In 2018 65 per cent of 12th graders in Liberia failed the West Africa Senior Secondary Certificate Examinations.
Little brings concern in education more than the WASSCE exam. Many schools now require a passing grade on the exam for as a requirement for graduating from high school.
If you’re afraid of this exam, do not fear. You can take particular steps to prepare for the exam in addition to attending school and studying your subjects.
Understanding the WAEC past questions can help you prepare for this critical exam.
Why Are WAEC Past Questions Important?
If you want to improve and excel in any activity, you practice. In the same way, a footballer runs through drills and scrimmages regularly, a senior preparing for the WASSCE must practice test-taking and not just study the material on the test.
Like a footballer who spends time on the practise field, you also must put your feet on the field so to speak by practising with past questions.
WAEC exams often have repeated questions from past exams. These questions have the same concepts but different values.
The test developers create tests using questions from what is in the WAEC syllabus. If you can review all of the questions the WAEC has ever set, you can enter your next test with no worries.
If you do not have time to review every exam question from the past ten years, the last five years should suffice.
Reviewing past WAEC questions will help you understand the types of questions you can expect to see on your exam.
Studying the questions is like studying your opponent. You know what tricks he has up his sleeve when you’ve seen him play before, and you will know how to approach him as a result of your study.
When you study and practise with past questions, you can see if the questions will deal with definitions, comparison and contrast, exceptions, and other types of problems.
Results of Studying WAEC Past Questions
Studying WAEC past questions will lead to positive results. If you don’t have time to study the material on the test, at least you can study the test itself. When you do this, you end up with some positive results, including the following.
- Respond More Quickly
When you understand what the test has on it, you can respond quickly to questions. Your speed will improve as you practice test-taking. You will be familiar with the question types, and you’ll end up moving through the exam more quickly.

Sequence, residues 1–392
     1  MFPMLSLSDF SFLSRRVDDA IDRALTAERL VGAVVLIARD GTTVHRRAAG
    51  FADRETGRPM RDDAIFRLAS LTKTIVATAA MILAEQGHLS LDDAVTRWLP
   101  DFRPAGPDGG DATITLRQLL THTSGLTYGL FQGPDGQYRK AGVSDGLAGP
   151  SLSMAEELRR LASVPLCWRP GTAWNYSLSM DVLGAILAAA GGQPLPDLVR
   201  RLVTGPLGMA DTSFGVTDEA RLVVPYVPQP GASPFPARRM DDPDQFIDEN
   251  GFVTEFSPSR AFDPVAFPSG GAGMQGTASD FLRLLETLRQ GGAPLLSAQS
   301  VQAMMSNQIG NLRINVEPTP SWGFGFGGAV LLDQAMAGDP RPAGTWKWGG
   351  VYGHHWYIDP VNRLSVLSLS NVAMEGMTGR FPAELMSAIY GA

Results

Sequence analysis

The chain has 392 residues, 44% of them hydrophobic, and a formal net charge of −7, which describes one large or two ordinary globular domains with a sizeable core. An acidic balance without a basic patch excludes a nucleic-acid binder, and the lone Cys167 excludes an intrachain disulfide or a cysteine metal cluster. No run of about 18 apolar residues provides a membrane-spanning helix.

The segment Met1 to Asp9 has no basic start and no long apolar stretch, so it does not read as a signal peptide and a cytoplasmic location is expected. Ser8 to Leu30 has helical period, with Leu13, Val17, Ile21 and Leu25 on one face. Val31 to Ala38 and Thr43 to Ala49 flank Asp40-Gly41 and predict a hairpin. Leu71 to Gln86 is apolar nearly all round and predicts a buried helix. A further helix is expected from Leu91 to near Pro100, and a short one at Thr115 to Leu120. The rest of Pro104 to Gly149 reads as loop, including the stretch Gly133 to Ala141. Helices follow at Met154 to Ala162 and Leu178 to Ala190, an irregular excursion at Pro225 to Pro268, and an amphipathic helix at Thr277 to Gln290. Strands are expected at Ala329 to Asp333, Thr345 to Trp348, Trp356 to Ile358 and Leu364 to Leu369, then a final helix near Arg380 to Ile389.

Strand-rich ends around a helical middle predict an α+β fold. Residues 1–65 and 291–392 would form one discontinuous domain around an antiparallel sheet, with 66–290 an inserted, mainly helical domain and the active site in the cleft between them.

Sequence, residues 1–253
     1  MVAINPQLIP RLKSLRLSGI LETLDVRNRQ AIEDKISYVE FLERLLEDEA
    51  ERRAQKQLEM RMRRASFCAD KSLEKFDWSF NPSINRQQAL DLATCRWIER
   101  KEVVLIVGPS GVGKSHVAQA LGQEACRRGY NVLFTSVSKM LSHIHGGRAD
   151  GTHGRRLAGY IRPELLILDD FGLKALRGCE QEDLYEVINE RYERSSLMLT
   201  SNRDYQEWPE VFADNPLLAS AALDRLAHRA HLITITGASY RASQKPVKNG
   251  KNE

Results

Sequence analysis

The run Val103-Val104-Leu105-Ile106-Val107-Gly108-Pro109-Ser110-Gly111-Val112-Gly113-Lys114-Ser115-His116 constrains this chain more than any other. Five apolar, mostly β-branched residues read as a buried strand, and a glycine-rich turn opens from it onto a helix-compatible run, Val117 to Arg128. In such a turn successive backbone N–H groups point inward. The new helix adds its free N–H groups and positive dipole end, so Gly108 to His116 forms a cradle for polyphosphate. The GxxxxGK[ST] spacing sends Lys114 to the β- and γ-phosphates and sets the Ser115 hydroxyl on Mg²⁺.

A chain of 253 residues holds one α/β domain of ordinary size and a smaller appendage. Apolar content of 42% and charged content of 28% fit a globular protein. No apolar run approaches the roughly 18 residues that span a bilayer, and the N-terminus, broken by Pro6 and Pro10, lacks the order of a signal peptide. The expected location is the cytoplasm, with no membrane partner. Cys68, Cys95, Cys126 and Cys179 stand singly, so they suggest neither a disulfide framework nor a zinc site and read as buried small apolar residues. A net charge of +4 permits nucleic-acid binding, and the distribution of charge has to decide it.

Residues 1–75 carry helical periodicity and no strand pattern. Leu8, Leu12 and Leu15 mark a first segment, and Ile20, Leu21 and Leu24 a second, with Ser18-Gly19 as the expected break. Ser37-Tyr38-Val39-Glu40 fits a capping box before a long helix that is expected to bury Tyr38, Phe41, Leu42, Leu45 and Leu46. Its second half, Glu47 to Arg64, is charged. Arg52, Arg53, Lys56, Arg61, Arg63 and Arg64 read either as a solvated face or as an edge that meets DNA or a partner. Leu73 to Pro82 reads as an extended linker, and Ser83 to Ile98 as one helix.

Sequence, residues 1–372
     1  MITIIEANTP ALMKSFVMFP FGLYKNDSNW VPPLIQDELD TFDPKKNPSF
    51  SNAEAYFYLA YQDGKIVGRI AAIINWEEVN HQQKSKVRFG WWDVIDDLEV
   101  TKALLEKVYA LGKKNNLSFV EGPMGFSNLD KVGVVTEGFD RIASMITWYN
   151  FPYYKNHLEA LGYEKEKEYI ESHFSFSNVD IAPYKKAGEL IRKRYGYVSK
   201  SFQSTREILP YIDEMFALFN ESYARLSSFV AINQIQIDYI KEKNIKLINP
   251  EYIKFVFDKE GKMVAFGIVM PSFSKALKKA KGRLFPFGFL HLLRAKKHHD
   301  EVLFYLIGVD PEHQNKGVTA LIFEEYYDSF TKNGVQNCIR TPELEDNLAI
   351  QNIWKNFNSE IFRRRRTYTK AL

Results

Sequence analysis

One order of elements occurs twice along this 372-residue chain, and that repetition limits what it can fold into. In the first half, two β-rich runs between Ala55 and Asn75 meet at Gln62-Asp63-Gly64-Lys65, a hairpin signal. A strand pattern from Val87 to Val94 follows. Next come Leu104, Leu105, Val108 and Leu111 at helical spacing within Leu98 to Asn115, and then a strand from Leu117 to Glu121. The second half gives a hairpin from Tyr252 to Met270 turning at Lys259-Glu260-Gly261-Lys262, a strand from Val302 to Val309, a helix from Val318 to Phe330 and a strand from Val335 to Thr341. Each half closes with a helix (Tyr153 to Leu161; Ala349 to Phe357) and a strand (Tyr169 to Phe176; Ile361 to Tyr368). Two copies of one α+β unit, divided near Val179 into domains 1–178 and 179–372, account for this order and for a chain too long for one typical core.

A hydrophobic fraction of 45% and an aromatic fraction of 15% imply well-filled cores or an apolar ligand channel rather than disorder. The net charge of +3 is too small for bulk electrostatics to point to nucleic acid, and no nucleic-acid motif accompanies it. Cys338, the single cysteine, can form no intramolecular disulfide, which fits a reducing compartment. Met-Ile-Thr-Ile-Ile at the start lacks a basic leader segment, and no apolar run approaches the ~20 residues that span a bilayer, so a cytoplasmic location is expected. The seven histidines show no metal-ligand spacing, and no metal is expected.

Being able to take the exam more quickly means you have the best chance of completing the entire exam and not leaving any questions incomplete. This also increases the chances of a higher score.
- Understand Content
As you study each question, you can take notes on what the questions are asking about. This will help you understand exactly what content the test covers and thus what you should study outside of the questions themselves.
You can make detailed notes on the specific content. Once you’ve finished reviewing the questions, you can go back and review the material you’ve studied in school with some focus. So instead of studying everything, you can study particular concepts that you know will be on the exam.
- Worry Less
Test anxiety is real. Some people experience extreme distress and anxiety in testing situations. As a result, their scores do not reflect their knowledge.
If you prepare for the test by knowing the method of the questions and the content of the questions, you will worry less and experience less test anxiety.
Taking multiple practice tests will allow you to rest easier on exam day. As a result, you will walk into the testing centre with confidence, and your exam score will aptly reflect your understanding of the material and not just your ability to take an exam.
In addition to studying past WAEC questions, you can prepare for the exam with some specific strategies in mind.
- Know Your Foe
Study the exam format and structure. Learn how much time you have for each section of the exam. Understanding what the requirements are will help you walk in with some confidence.
Ambiguity is the enemy in test-taking. The more you understand the format and structure of the test, the less you will worry.
- Be Complete
When you mark your exam, mark it complete. Make sure to fill in ovals completely and not just partially. Make them dark.
If you change your mind, make sure to erase the ovals completely as well. Make your answers clear.
- Use Your Materials
Some of us just think better if we can write things out. If you need scratch paper and your test centre does not supply any, use your test booklet. Do not use your answer sheet.
The test booklet should have plenty of margins for you to complete your figures or write out your ideas.
Do not just skip over a question if you do not know the answer. Develop some techniques where you can make educated guesses.
If you do not know the answer, select the same answer for the question. For example, if you do not know the answer to a multiple-choice question, always select C. You stand a higher chance of getting the question right if you always select the same answer for questions where you do not know the answer.
- Watch the Clock
Once you know the limits of your test, pace yourself. Keep an eye on the clock and know how much time you have left.
When you open your test booklet, look at how many questions you have and then consider how much time you have. Know where you should be at the halfway point of your time limit, and then pace yourself to get to that point.
- Quality Matters
Ideas matter. As you prepare to write the essay, organize your ideas into a clear five-paragraph essay with an introduction, body paragraphs, and a concluding paragraph.
If you organize your ideas clearly, the reviewer can focus on your amazing idea. The poor organization of a bad essay will obscure an idea.
Look Back to Move Forward
When you study WAEC past questions, you move forward by fully understanding the exam.
For more information on test preparation, contact us.